A strange thing happened this past monday at Kijabe Hospital. As one walked through out-patient and specialty clinics instead of seeing 200-300 patients waiting to see a doctor, all that could be seen were empty benches. It was strangely quiet without the sounds of the babies, the intercom of the next patient's name being announced, and the chatter of conversation. Where was everyone?
This picture above is not a Matatu (just imagine similar quality and appearance but more the size of a 11 seat van, yet with 15-20 people inside and some passengers hanging out the door) it might as well be. I found out from my coworkers that the entire country of Kenya had experienced a Matatu Driver Strike.
Matatus are private vehicles that provide the vast majority of transportation all over Kenya. The cost for a ride can be as little as 40 schillings (about 30 cents) and take you from the coast to Lake Victoria or just up the road to the highway. They have no schedule, little regulation, constantly break-down, and drive at ridiculous speeds on treacherous roads. But somehow the system works and people are able to get where they need to go.
Because of the strike the country was paralyzed. Goods could not be transported, students could not get to school, new intern doctors at Kijabe could not make it to their first day of work, and patients could not make it to the hospital.
I soon asked what was the cause of the strike. (I had assumed that the matatu drivers were striking against the passengers to demand they pay better fares.) I was wrong. No, the drivers were striking against the Kenyan government.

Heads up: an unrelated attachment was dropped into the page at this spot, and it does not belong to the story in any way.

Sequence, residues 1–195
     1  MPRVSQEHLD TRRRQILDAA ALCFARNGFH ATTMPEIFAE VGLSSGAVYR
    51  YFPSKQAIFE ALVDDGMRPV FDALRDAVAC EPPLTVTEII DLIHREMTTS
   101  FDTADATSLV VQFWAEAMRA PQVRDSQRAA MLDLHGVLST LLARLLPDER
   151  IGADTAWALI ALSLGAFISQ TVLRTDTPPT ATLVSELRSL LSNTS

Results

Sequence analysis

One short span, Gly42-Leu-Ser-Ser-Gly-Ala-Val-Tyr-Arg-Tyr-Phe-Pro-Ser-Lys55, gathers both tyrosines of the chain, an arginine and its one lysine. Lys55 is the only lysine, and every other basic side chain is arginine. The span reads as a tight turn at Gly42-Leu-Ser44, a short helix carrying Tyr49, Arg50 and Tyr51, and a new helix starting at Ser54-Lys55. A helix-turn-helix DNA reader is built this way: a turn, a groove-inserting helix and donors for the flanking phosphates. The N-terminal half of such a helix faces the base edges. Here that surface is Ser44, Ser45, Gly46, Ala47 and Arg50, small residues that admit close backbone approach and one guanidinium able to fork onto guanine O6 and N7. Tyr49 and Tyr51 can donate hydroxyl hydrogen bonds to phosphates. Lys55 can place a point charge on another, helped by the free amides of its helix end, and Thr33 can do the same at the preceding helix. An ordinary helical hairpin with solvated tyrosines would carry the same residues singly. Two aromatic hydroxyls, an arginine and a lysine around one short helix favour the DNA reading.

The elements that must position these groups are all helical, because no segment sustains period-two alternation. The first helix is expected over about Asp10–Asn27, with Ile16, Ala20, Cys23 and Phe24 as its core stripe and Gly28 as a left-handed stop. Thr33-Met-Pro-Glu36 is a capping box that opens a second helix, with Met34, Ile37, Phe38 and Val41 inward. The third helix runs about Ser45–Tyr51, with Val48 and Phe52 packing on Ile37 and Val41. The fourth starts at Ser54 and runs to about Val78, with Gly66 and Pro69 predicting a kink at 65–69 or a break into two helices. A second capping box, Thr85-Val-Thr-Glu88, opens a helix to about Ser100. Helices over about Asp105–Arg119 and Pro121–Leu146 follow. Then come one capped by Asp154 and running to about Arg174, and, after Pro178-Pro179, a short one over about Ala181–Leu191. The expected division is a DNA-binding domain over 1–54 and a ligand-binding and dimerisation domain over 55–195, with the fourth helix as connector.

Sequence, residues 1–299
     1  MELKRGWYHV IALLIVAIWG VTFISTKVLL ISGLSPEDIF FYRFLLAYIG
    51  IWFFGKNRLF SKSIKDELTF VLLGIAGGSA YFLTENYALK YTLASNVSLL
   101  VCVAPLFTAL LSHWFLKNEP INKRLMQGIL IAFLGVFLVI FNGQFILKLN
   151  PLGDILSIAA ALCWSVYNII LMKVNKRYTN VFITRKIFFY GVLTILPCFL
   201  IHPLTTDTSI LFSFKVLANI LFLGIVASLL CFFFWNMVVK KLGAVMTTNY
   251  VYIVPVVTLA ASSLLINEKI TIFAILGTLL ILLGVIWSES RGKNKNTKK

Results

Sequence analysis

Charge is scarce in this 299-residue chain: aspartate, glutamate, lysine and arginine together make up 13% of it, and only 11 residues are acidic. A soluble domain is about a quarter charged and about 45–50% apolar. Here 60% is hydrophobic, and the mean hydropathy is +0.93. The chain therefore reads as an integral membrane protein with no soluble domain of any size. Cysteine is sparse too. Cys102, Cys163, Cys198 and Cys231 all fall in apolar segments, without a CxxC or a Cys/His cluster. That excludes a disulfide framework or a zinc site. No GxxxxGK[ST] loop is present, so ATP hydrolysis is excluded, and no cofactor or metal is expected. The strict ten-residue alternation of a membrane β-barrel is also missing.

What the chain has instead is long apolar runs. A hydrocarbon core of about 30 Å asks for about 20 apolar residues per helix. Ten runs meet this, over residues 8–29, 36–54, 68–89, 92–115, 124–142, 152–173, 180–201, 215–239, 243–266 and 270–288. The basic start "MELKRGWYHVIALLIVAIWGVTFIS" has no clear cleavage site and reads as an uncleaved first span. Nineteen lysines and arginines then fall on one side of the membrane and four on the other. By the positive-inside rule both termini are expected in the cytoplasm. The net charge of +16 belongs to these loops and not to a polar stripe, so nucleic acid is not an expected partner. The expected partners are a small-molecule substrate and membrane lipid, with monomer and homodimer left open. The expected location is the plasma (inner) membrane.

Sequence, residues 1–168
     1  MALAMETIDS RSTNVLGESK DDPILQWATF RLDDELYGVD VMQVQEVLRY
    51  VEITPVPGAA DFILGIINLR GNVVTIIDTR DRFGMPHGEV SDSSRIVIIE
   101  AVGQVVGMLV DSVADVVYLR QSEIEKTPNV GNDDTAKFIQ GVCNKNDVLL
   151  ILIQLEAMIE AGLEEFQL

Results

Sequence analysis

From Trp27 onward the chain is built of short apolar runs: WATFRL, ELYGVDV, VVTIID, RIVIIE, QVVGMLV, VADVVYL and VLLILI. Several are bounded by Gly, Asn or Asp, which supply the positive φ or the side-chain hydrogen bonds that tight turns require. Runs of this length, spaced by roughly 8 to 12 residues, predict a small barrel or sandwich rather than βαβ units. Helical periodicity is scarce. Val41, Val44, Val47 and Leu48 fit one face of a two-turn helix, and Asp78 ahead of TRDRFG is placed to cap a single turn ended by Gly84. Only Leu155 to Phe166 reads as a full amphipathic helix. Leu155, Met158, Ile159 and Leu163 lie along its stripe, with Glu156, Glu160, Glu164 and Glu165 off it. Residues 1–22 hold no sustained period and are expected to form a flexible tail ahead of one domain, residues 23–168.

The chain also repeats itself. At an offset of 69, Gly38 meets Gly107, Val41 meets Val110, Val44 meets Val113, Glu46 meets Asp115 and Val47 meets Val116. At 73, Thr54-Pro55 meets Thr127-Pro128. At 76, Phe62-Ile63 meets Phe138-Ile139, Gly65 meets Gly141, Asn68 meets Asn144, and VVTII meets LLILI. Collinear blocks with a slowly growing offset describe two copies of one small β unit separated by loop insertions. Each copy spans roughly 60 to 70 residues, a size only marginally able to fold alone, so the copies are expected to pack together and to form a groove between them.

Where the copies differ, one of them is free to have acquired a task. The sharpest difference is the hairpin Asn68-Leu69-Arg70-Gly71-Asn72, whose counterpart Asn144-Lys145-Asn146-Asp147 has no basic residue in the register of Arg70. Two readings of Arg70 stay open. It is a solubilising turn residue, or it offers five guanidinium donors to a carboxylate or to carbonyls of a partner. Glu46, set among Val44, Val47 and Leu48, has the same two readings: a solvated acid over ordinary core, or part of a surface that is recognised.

You see police officers do not drive around in cars giving tickets like in America. They remain at designated or undesignated road blocks (marked by large spike barricades) and direct vehicles to stop as they choose. The reasons for being stopped, depending who you talk with, can be legitimate (speeding, too many passengers, no license plates, no seat belts) or questionable (no flashers, no triangle reflectors, a flat tire, no fire-extinguisher).
Once stopped by a police officer an interesting exchange or dance exists between the two. After a couple of minutes, some negotiation, some dialogue, no paperwork, and a discreet handshake with cuffed money the Matatu will be on its way. This can happen 3 times in the matter or a hour drive. The Matatus were striking against the apparent police corruption and frequent stops by police officers for negligible offenses.
Three days later with negotiations between the president and Matatu Drivers Union (?) the strike was called off. Matatus were back on the road, doctors came to work, students made it to school, patients returned to Kijabe, and the benches were full.